But after a tough loss - especially after it seemed the Redskins and Cousins would pull off an extraordinary win - some might question if the 'Skins offense became too reliant on shallow drag and crossing routes and did not look down field enough. 

Garcon, however, refuted that.

"I guess that's just how the game flowed because we always try to go deep but you know things are called but we don't have time or they play a different coverage," Garçon said. "We can't really control it."

The deep ball does not always equal a win for the Redskins either. Cousins' longest pass this season (57 yards) came in a Week 2 loss to Dallas and in a win over Baltimore the QB's longest pass was also 27 yards, same as in Detroit. 

Moving the ball is moving the ball - and Cousins does it well. After a four-game win streak snapped by a dispiriting loss in Detroit, Redskins fans should expect plenty of fans about the long ball. 

Want more Redskins? Check out @JPFinlayCSN for live updates or click here for the #RedskinsTalk Podcast on iTunes or press play below.

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Vernon Davis tells 60 minutes about investment that burned dozens of NFL players

Vernon Davis tells 60 minutes about investment that burned dozens of NFL players

By Jason Dobkin (@jasondobkin)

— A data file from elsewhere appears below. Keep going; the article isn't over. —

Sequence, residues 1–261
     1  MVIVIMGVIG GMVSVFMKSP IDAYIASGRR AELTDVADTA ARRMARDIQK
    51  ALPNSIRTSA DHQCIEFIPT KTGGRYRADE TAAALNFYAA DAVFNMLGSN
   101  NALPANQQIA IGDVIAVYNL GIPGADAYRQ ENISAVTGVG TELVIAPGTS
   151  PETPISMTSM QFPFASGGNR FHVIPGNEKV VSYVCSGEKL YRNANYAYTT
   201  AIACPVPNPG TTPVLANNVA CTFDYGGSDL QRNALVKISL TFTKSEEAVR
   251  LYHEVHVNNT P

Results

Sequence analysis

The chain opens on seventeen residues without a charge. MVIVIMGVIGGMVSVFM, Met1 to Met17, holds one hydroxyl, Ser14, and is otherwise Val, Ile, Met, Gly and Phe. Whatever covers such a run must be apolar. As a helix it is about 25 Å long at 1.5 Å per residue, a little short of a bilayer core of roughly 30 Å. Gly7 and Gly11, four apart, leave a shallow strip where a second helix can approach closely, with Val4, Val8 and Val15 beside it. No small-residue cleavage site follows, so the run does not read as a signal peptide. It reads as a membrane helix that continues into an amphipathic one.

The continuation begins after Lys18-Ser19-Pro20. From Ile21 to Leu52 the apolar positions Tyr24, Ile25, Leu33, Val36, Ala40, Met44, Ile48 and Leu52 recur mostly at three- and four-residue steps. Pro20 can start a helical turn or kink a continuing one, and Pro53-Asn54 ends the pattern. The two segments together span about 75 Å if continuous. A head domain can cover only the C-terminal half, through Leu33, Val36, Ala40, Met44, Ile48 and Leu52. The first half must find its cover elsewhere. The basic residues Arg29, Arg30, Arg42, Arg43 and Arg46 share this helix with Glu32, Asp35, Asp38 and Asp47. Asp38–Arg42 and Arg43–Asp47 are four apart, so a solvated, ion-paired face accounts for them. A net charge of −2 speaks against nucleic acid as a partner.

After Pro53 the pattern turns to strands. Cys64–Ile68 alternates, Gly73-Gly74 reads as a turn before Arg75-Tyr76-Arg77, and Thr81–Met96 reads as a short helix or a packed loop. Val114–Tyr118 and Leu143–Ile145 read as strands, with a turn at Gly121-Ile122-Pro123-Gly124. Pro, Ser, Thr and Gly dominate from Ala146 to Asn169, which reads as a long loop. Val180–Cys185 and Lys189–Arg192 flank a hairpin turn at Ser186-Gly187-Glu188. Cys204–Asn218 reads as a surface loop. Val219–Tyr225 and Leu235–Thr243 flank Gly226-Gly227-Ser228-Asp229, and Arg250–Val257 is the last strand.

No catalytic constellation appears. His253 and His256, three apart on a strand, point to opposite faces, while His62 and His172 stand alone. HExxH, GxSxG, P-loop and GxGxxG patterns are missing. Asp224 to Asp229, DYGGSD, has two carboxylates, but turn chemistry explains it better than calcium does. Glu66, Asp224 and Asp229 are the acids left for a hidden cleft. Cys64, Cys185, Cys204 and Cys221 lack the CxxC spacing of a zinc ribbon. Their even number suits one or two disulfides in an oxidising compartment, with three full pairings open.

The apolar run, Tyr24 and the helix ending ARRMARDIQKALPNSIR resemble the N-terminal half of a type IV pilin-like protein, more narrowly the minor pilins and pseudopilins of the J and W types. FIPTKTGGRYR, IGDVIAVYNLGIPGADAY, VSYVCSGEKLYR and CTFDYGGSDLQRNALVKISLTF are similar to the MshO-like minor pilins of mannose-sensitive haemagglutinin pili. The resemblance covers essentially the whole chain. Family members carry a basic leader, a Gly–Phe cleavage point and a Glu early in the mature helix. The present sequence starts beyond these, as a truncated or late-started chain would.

Washington Redskins tight end Vernon Davis was featured Sunday in a 60 Minutes story about a financial adviser who convinced dozens of NFL players in 2008 to invest in a company that ended up quickly failing.

Jeff Rubin, a financial adviser registered at the time by the NFL Players Association, convinced the players to invest in a new entertainment and gambling development in Alabama called Country Crossing. The draw was electronic Bingo, which Rubin said would make the players a ton of money. Davis made an initial investment of half a million dollars in the venture.

He told 60 Minutes' Armen Keteyian how easy it was to buy in to the picture Rubin painted.

"It was beautiful," Davis said. "It was a painting I’d never seen before. It was fantastic."

The only problem with the whole thing was that electronic Bingo would turn out to be illegal in Alabama, unbeknownst to the players. Two weeks after Country Crossing opened, it was raided by police, and it eventually tanked, losing the players a total of $43 million.

Rubin owned 4 percent of Country Crossing, and 60 Minutes got a hold of documents showing he funneled 10 percent of the money he got from the NFL players into his personal corporation.

Davis said the whole situation was a "nightmare," but he doesn't blame Rubin for his losses.

"I take most of the blame, and I think as athletes and players in this union, in the NFL, I think we should take the blame because we can change it," Davis said. "We just gotta wake up."